Tom Lehrer, the Harvard mathematician turned satirist, reportedly retired from the latter profession because politics had become a satire of itself in the 1970s. Eric Massa, the Congressman from New York’s 29th District, decided to demonstrate Lehrer’s continuing wisdom. He wanted to promote hydrogen-fueled vehicles as an answer to ending greenhouse-gas emissions, and so planned to drive himself to Washington DC in a GM model for publicity. However, Massa’s green ride got a big-time boost from two enormous SUVs:
Massa had to be in the nation’s capital Tuesday for his swearing in as the 29th Congressional District’s new representative. He drove the General Motors Equinox prototype car to draw attention to the technology, some of which is being developed in the district.
The problem is the car can go about 150 to 200 miles without a refill, and the trip from Corning to Washington, D.C. is 282 miles. And there are no hydrogen refilling stations along the way.
As a result, Massa had to switch to another GM hydrogen fuel cell vehicle that was standing by in Harrisburg.
So, okay, maybe Massa could have used this to make a point about infrastructure. We don’t have a hydrogen infrastructure to allow a 282-mile drive, and he could make that a selling point for Barack Obama’s policies for spending money on alternative-energy distribution networks. However, it makes the better point that alternative-energy vehicles at this stage are inferior to traditionally powered cars for anyone who wants to drive long distances.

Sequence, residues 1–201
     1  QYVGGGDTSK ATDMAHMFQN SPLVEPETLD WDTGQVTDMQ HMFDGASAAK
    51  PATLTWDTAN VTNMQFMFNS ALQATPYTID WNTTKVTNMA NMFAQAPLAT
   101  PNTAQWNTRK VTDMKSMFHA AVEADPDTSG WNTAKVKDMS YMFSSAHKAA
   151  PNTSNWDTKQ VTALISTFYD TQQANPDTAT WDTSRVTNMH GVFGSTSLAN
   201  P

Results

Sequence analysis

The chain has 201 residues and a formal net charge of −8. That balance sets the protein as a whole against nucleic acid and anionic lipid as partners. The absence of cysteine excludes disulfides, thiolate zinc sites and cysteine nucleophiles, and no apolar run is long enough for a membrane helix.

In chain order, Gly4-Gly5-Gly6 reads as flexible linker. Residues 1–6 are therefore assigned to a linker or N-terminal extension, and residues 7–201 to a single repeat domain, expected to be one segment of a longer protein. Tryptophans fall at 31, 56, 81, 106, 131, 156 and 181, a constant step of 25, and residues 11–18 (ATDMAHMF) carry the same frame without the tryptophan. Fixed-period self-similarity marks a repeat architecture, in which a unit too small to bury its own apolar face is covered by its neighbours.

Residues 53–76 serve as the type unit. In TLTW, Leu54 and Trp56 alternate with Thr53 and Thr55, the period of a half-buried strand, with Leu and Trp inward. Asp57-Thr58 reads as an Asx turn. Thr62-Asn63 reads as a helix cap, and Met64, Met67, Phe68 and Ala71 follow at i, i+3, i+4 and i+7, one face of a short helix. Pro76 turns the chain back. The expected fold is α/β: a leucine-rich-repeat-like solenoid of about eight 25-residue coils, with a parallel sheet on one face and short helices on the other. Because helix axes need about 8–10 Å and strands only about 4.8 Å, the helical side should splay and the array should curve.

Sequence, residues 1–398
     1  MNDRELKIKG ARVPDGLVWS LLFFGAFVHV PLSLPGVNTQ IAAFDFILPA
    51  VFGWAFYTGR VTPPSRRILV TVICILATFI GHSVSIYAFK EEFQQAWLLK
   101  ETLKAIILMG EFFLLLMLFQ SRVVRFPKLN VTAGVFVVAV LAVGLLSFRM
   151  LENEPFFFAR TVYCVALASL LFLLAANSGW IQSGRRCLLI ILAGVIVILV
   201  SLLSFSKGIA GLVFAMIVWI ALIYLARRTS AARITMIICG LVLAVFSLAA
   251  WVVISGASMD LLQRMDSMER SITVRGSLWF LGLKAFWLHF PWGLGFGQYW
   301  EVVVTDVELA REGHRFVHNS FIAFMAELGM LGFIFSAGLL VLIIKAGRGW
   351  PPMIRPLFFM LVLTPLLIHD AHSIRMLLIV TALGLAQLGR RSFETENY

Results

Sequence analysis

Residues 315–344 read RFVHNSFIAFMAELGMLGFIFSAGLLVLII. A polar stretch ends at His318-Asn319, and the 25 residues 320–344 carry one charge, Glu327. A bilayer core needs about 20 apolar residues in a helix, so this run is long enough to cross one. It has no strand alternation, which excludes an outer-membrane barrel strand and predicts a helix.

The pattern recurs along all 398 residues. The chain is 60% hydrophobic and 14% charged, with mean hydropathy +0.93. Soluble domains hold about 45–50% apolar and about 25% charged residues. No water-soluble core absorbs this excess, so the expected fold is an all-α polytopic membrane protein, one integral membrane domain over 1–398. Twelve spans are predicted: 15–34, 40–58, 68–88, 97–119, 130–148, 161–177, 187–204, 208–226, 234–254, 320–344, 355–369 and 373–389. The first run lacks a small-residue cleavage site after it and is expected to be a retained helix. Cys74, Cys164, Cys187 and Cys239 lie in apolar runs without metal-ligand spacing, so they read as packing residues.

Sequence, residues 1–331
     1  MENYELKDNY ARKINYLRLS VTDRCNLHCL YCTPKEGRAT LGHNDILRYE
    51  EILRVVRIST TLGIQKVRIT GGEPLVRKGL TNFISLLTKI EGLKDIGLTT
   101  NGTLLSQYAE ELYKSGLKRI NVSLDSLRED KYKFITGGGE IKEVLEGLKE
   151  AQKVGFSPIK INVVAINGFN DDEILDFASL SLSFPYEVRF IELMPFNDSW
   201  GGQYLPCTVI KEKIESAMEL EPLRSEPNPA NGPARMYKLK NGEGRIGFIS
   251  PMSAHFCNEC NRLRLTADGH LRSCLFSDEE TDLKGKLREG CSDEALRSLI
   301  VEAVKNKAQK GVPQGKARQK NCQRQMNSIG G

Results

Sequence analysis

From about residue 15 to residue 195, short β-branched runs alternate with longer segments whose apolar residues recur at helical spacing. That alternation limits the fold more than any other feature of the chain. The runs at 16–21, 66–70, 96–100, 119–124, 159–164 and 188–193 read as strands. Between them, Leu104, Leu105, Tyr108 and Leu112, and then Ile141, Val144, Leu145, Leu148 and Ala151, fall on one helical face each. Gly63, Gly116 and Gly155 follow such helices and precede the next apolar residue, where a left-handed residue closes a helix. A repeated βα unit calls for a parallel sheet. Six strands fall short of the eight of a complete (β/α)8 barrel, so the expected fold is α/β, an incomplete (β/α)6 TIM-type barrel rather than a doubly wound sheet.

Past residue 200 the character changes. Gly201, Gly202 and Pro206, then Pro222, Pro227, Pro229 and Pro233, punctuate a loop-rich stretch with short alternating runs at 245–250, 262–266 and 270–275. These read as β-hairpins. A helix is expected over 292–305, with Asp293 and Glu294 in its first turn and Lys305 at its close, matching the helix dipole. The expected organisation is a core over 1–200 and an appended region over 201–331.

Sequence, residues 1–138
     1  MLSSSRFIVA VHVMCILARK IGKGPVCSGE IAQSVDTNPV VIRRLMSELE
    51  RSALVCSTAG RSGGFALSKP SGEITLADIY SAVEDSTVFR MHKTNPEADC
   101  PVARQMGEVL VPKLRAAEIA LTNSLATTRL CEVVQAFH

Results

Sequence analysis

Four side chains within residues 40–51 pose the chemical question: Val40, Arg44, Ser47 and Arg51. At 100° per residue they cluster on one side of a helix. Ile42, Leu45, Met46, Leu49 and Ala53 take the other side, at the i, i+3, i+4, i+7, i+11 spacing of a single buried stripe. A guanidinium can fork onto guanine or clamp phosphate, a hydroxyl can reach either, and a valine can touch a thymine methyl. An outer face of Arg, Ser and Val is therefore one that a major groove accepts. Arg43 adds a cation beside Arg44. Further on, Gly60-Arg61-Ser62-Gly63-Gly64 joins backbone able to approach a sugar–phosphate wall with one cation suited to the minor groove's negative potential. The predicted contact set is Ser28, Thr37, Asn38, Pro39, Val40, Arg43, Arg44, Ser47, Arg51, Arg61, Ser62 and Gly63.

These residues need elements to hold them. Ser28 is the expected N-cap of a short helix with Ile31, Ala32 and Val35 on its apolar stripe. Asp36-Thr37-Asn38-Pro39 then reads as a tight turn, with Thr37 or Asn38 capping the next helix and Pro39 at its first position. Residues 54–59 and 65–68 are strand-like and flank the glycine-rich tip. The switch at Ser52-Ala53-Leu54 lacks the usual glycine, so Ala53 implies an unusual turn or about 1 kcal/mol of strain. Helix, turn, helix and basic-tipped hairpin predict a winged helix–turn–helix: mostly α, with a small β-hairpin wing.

But that’s not the end of the story. Massa only had to travel one way for this trip. What happened to those cars?
After the trip, both cars were towed back to their original locations by two Chevrolet Tahoe hybrid SUVs.
What? Not the Chevy Tahoe E85 vehicle that gets a whopping 15 MPG on the highway? No, this looks like the 2009 hybrid that gets 22 MPG on the highway — when not towing a vehicle behind it. Hybrid or not, the two SUVs dispersed much more greenhouse gases out their tailpipe than if Massa had just used a run-of-the-mill compact or mid-sized sedan on his one-way trip. Instead, Massa wound up having to use four cars for a one-way 282-mile trip to DC, thanks to his decision to go green.
Heck, he could have even driven my Honda SUV. It gets about 25 MPG on the highway even after 85,000 miles and seven years, and it would have made DC easily on one tank of gas. That would have saved Massa the switch and the two tows for his “green” cars.